Sigourney Weaver in Alien
Sigourney Weaver in Alien

Also, Get Out, Jordan Peele’s hugely original horror which earned four Oscar nominations last year, winning one for Peele’s screenplay, had a different, much bleaker ending.  The film follows a young black man called Chris (Daniel Kaluuya) on his first visit to meet his white girlfriend’s family.  He has no idea of the horror that awaits. It’s a visceral, edge-of-your-seat, anxiety-laden experience so when that final scene arrives with Chris' best mate Rod (Lil Rel Howery) saving the day, it's a very welcome relief.

However, an alternate ending surfaced online recently in which things don't end up quite so well for Chris who, instead of being rescued by Rod, is handcuffed and dragged away by two white cops.  Writer/director Peele wrote several different endings but chose the positive one because he needed "to transform into something that gives us a hero, that gives us an escape, that gives us a positive feeling."

For many directors, however, their instinct is to challenge the audience with a darker ending.  Often they are overruled by a studio unwilling to turn moviegoers off by denying them their walk into the sunset.

On 1979 sci fi classic Alien, director Ridley Scott did not want Ripley (Sigourney Weaver) to survive that final attack by the alien.  The theatrical ending sees Ripley escape from the Nostromo on a shuttle, unaware that the alien is on board.  She’s attacked by it again but manages to fight it off and kick its backside out into space. 

Ridley’s alternate ending saw the protagonist eaten by the alien in the escape pod and the alien then mimicking her voice in a message back to Earth, informing them she’s on her way home.  The director was overruled by producers undoubtedly keen to keep their leading lady intact for future endeavours, and the paying audience happy with a nice, neat bow-tie of an ending.

A similar stand-off reportedly took place between screenwriter Quentin Tarantino and director Tony Scott over the ending of 1993 romantic crime drama True Romance.  The film sees Bonnie and Clyde style lovers Alabama (Patricia Arquette) and Clarence (Christian Slater) survive a shoot-out and escape together to live happily ever after, one assumes.  Tarantino’s original ending, however, saw Clarence dying of a gunshot wound and Alabama hitchhiking to Mexico by herself.  Scott had the final say opted to save the characters he had “fallen in love with”.  Having seen the final cut, Tarantino was in agreement with the positive ending.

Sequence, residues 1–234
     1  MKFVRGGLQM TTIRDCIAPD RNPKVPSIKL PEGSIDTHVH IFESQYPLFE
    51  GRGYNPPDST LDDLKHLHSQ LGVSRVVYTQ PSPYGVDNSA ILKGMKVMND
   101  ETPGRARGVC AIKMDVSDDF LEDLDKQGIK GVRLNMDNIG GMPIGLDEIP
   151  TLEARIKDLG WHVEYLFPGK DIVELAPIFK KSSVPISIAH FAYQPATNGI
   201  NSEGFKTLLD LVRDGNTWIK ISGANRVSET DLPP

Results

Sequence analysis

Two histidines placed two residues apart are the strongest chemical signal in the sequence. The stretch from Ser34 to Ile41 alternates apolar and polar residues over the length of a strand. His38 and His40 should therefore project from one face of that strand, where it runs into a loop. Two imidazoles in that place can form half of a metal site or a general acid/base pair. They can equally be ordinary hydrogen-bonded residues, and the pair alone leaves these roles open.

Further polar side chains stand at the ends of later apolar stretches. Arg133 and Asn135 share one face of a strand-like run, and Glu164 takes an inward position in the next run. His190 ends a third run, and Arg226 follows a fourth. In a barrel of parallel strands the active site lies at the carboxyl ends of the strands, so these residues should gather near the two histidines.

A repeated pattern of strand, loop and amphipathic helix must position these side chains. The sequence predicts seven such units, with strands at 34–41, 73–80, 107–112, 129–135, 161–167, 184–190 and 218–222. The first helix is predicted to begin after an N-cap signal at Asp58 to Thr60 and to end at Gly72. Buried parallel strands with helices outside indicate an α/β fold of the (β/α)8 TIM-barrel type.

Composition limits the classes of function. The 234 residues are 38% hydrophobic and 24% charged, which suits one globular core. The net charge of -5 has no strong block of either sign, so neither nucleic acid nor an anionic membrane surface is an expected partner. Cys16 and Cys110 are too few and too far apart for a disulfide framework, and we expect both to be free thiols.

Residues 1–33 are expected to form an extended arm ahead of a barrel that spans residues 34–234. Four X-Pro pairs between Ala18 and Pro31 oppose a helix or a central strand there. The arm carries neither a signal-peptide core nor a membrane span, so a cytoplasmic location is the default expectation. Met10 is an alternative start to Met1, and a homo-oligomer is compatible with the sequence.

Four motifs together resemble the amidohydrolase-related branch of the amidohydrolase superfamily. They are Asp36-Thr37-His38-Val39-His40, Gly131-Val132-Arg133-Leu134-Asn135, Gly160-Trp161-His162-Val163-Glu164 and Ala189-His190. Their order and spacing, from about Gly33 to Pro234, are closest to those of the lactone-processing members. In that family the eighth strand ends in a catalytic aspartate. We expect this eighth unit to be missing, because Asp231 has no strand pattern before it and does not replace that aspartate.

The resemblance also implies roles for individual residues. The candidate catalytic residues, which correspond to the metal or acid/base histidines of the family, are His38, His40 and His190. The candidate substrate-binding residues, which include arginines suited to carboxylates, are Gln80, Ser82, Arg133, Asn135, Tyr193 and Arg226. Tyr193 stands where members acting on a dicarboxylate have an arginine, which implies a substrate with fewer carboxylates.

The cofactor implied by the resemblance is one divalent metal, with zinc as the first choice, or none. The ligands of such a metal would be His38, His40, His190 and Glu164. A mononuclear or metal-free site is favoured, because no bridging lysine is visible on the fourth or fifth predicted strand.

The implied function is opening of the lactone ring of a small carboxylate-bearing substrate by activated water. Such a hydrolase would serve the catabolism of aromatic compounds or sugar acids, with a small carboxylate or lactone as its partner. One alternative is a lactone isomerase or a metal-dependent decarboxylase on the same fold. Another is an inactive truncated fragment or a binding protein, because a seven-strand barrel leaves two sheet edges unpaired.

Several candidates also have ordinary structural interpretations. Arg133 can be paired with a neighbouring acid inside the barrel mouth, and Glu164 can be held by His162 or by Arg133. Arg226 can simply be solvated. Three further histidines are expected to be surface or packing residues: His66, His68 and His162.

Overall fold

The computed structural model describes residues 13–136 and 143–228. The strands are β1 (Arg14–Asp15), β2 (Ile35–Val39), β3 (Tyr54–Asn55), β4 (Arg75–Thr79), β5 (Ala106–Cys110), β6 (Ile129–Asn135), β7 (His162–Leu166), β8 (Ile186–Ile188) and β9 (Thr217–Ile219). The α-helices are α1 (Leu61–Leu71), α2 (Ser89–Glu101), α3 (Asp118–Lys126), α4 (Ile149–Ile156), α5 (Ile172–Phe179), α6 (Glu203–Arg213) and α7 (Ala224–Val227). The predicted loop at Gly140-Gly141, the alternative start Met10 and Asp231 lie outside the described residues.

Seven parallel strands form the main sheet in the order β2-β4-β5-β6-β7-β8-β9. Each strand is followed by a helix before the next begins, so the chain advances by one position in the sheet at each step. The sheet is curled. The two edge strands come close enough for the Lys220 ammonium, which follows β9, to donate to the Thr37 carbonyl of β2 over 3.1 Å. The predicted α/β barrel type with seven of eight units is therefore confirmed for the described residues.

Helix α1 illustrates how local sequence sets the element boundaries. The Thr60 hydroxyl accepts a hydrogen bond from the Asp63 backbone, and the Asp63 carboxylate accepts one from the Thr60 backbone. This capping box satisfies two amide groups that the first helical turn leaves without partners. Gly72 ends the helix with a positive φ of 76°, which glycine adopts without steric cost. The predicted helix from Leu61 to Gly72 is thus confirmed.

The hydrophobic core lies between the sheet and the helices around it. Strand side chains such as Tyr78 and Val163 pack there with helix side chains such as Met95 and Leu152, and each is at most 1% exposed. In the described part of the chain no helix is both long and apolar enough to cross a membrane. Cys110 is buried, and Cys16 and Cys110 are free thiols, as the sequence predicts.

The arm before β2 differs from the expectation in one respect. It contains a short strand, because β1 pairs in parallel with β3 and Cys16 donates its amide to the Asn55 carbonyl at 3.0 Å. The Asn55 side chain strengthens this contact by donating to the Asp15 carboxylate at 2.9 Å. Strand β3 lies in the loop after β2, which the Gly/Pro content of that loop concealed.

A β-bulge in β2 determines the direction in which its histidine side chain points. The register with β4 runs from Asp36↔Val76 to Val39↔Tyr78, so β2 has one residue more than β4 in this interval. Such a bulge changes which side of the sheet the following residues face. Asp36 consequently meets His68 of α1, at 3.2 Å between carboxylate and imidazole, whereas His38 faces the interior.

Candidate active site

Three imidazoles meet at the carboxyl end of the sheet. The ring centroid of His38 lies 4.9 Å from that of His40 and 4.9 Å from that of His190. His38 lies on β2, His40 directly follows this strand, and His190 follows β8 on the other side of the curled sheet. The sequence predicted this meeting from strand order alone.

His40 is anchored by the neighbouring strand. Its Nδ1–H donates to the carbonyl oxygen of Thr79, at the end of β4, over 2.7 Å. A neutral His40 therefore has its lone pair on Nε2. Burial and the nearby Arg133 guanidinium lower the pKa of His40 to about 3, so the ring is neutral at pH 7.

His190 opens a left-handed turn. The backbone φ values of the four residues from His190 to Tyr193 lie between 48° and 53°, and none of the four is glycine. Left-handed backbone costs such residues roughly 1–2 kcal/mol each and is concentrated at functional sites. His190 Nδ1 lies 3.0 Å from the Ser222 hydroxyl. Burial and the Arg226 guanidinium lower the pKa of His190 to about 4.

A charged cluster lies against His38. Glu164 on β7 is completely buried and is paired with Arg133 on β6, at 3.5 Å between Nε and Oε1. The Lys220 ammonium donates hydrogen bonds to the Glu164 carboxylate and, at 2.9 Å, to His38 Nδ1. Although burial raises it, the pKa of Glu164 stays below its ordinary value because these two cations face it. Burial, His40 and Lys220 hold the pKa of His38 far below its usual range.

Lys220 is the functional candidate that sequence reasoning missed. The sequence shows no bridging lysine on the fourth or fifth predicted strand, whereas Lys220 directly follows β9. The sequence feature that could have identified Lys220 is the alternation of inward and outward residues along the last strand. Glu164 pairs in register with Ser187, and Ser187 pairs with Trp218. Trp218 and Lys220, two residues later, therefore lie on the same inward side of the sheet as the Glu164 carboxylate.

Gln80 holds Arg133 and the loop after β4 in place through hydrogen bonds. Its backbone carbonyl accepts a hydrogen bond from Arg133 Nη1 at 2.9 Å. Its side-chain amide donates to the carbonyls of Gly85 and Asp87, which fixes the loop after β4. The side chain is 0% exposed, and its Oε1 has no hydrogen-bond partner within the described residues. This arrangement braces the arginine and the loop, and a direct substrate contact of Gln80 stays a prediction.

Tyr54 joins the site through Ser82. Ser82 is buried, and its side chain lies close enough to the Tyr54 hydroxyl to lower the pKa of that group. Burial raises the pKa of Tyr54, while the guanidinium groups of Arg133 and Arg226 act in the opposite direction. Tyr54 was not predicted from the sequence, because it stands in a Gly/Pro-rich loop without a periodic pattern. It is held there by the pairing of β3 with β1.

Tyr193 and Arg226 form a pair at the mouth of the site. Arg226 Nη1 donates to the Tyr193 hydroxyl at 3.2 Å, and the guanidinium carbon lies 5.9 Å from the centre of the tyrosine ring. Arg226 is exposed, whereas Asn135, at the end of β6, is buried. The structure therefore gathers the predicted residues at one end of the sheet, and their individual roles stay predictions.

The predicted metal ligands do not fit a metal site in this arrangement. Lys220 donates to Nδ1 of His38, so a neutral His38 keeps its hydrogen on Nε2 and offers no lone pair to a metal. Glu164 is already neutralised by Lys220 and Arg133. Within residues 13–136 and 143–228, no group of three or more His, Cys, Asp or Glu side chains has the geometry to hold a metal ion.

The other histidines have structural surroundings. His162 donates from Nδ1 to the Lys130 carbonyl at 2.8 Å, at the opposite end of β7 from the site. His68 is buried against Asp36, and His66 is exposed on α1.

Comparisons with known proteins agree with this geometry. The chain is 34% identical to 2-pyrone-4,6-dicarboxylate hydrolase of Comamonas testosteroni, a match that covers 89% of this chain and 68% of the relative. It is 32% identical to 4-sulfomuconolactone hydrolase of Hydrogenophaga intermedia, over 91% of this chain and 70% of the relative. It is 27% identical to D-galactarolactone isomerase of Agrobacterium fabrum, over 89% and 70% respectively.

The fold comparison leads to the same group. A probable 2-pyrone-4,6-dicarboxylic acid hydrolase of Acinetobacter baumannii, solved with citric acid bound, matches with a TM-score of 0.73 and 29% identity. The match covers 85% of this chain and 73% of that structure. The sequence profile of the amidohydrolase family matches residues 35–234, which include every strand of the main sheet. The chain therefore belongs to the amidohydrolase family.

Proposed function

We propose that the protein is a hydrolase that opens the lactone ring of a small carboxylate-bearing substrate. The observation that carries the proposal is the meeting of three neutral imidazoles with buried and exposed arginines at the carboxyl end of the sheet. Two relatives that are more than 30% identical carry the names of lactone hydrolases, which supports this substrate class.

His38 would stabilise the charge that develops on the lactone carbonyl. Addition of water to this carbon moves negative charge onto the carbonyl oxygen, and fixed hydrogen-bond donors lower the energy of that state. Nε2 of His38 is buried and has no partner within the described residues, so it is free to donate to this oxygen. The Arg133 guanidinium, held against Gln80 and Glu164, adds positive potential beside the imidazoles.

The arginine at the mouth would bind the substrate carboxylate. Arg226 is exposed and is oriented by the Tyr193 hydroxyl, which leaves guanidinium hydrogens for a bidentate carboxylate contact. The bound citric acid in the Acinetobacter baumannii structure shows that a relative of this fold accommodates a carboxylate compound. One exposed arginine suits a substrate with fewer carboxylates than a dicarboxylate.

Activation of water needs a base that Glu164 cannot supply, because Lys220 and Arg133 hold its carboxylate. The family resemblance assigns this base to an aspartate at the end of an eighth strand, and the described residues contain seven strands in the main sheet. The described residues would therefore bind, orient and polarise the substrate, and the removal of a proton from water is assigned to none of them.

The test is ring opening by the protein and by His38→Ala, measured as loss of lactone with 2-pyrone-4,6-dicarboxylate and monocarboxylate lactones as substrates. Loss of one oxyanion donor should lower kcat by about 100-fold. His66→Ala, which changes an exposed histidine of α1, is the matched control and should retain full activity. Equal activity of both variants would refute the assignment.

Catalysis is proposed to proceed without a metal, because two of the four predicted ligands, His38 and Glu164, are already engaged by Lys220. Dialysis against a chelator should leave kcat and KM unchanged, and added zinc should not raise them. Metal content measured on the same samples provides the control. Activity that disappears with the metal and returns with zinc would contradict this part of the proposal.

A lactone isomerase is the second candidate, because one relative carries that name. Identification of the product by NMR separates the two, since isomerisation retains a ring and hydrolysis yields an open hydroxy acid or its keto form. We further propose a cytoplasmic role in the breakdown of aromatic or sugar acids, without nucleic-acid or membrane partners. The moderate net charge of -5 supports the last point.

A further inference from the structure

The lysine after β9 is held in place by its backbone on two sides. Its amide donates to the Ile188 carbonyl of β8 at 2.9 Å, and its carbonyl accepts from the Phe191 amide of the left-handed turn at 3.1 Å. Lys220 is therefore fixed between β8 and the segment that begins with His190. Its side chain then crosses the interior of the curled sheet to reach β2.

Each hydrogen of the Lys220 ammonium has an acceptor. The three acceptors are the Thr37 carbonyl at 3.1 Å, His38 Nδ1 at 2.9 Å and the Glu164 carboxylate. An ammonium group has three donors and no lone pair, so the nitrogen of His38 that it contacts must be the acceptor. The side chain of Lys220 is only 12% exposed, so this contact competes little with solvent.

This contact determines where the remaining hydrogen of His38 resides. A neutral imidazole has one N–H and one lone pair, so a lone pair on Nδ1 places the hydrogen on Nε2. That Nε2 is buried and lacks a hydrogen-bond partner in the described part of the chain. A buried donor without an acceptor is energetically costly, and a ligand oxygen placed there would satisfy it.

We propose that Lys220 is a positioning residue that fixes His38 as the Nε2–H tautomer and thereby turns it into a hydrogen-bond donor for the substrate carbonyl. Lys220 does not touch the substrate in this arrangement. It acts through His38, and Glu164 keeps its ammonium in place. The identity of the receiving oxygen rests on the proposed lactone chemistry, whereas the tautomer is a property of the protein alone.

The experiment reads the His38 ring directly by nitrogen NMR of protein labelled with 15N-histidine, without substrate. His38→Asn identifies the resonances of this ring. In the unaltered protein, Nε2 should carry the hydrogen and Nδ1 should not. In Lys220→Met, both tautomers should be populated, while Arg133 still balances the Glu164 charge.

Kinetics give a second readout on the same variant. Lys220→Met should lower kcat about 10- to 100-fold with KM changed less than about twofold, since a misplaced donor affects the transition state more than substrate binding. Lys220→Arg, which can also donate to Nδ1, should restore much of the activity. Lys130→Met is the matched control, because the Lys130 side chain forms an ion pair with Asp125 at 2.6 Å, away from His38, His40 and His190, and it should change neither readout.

Of course, the most famous case of diverse endings is Blade Runner.  The 1982 sci-fi classic has multiple cuts, with different endings varying in tone.  The original ambiguous ending didn’t sit well with test audiences.  The theatrical release, therefore, had an upbeat ending with Dekard (Harrison Ford) and Rachel (Sean Young) driving through the countryside, which didn’t quite meld tonally with the rest of the film. The director’s cut, released in 1992 and again in 2007, was more like the original in tone with an ambiguous ending.

In some cases, the decision to sanitise a film or opt for a positive ending is down to test audiences, who will often baulk at bleakness.  Take 28 Days Later, Danny Boyle’s 2002 zombie horror, for example.  Boyle’s original ending saw Cillian Murphy’s character dying of a gunshot wound in a hospital bed as the two female stars head off into the unknown.  Following test screenings where audiences deemed it too sad Boyle changed the ending so that Murphy survived.

So, it seems that many Hollywood flicks are already sanitised for our viewing pleasure rather than our viewing pain.  However, it’s one thing releasing an alternate ending as part of a director’s cut DVD or special, it’s another thing entirely to offer an alternate ending to audiences who are expecting the original as it was screened in their country.  Granted, it’s a small change of just a few seconds, but in a film like The Notebook, where the emotional punch and payoff comes in those final few seconds, it’s a hugely significant one.